IN OCTOBER 14, 1968, the famously benign Switzerland initiated an unprovoked military attack on its diminutive neighbour, Liechtenstein. The target was the Malbun ski resort, which was hit with five artillery shells in a dominant show of force. It would have been quite a shock for the largely defenceless European microstate, which occupies an area roughly a hundred square kilometres smaller than the regional Victorian city of Bendigo. That is if it hadn’t been for one thing. Switzerland, the larger aggressor both in terms of physical size and outright power, initiated the assault completely by accident and apologised profusely.
Thankfully, the only casualties were a handful of outdoor dining chairs.
This, oddly enough, goes some way to explaining Ford’s accidentally hostile strategy with the Mach 1 Mustang.
When the Mustang first landed in Australia in 2016 the flagship 5.0-litre V8 powered GT cost a smidge less than $60K, making it a natural rival to the final Holden Commodore SS-V, and not much else. Its relative affordability paired with 306kW of naturally aspirated V8 power and iconic coupe styling made it a sales hit, and it’s easy to understand why.
Now five years later, in a perfect display of mission creep, the flagship Mach 1 Mustang costs more than $80,000, putting it in the same financial ballpark as cars it never intended to compete against on initial launch.
Ford has made small incremental bumps in performance and exclusivity to match the increased price, with 345kW now being deployed by the special-edition ’Stang (along with a raft of new go-fast mechanical additions), of which just 700 are coming Down Under.
The most important updates for the Mach 1 sit underneath its more aggressive bumper treatment and retro badging, with the induction system, intake manifold, oil cooler and 87mm throttle bodies lifted from the Shelby GT350. Initially, the track-focused ’Stang was intended to be fitted with a Torsen limited-slip differential as standard, but the final specification ended up somewhat other than expected (see sidebar). All righthand drive Mach 1s are instead fitted with Ford’s own mechanical limited-slip differential instead of the Torsen unit, which is identical to that found in the Bullitt and GT Mustangs. Despite the change, Ford says the Mach 1’s diff is still fitted with the requisite cooler to ensure performance remains unchanged. Scott Newman’s track test in MOTOR’s May issue, and our day of hard driving for this comparison, would indicate that customers are at no great loss because of the swap.
Despite the noble intent of these upgrades, Ford has. perhaps inadvertently, found itself marching with a heavy foot into the territory of a car that speaks more quietly yet carries a very big stick – the Toyota Supra. It’s only fair then that we bring the pair together to see if Dearborn’s hero can hold its own against the pride of Japan, or Graz if we’re being accurate. The Toyota is smaller, less powerful, and more expensive than the Mustang, but wears a badge of honour from narrowly vanquishing the MercedesAMG A45 S in a previous comparison test. Game on.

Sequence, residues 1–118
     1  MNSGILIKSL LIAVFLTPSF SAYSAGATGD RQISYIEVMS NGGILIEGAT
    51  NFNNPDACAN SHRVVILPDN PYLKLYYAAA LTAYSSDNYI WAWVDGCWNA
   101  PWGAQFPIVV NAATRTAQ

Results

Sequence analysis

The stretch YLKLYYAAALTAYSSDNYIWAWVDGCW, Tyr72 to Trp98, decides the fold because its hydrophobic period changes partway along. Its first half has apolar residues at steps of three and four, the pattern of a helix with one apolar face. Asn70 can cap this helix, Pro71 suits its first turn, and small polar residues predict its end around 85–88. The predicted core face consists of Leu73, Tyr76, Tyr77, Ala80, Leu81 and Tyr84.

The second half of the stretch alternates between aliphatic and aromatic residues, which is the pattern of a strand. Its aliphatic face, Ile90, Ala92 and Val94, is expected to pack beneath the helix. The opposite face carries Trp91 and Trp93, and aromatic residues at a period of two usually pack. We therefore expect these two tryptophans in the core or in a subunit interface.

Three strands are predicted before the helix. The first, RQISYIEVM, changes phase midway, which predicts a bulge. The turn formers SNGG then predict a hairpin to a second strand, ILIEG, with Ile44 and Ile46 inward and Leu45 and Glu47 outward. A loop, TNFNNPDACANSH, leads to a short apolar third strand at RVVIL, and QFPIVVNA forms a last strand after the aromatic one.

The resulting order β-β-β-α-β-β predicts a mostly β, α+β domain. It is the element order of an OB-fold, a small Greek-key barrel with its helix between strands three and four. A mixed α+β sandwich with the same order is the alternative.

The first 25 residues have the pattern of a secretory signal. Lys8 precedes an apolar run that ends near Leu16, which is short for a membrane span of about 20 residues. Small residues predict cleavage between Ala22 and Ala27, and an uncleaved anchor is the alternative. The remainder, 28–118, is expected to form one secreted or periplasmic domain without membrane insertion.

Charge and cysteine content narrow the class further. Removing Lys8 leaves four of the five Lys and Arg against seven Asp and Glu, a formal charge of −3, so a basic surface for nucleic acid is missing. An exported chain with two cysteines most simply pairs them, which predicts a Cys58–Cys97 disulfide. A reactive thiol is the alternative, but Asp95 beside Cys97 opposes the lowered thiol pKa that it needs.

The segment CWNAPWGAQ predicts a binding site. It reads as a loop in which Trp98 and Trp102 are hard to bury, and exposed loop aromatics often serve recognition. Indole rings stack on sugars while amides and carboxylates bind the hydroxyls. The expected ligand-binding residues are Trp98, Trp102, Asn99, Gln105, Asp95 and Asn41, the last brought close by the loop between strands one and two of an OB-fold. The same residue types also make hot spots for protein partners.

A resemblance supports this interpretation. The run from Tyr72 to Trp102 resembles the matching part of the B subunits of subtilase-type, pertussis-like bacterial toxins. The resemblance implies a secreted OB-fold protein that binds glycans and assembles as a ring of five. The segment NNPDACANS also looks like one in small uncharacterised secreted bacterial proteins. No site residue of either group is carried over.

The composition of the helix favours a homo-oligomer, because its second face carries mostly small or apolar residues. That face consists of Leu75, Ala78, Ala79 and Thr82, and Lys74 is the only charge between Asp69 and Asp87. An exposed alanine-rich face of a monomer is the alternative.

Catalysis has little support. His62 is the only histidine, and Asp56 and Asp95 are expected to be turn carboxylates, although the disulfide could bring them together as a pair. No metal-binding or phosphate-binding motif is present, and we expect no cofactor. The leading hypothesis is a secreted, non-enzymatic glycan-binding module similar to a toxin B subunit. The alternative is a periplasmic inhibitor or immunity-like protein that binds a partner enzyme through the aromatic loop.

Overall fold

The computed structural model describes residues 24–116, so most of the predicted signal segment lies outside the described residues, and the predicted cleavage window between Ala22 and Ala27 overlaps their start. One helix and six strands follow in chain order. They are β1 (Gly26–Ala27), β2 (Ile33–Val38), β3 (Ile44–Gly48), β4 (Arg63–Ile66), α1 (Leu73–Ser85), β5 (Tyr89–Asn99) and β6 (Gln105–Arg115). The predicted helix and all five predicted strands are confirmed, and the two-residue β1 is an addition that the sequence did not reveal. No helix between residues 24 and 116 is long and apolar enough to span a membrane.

Both cars are exclusively rear-driven and utilise torque converter automatics (10 ratios in the Ford and eight in the Toyota). The variant we have here is the full-fat Supra GTS, but as we’ve noted before, the entry-level GT offers exactly the same performance credentials with 10 grand slashed from the price tag, which is only a couple of thousand dollars more compared to the Mach 1.
These cars fight in different weight classes. March 1 is carrying an extra 284kg of heft, which you can’t escape behind the wheel. It’s also 410mm longer, with an extra 250mm between the axles. Interestingly, the Supra has the wider front-track of the two. You get a larger cabin and rear seats in the Mustang because of the physical differences, but the extra size and weight play against it dynamically, and the back seats are practically useless.
When it comes to firepower, the Mustang has the edge, with its naturally aspirated 5.0-litre V8 producing 345kW and 556Nm. The Supra uses a BMW-sourced 3.0-litre turbocharged inline-six-cylinder, which now produces 285kW and 500Nm after a power bump late last year. Where the previous 250kW example would only reach peak power at 7800rpm, the updated Supra gives you 285kW from 58006500rpm, while the peak torque figure remains unchanged but is spread across a larger window of 1800rpm-5000rpm (previously 1600-4500rpm).
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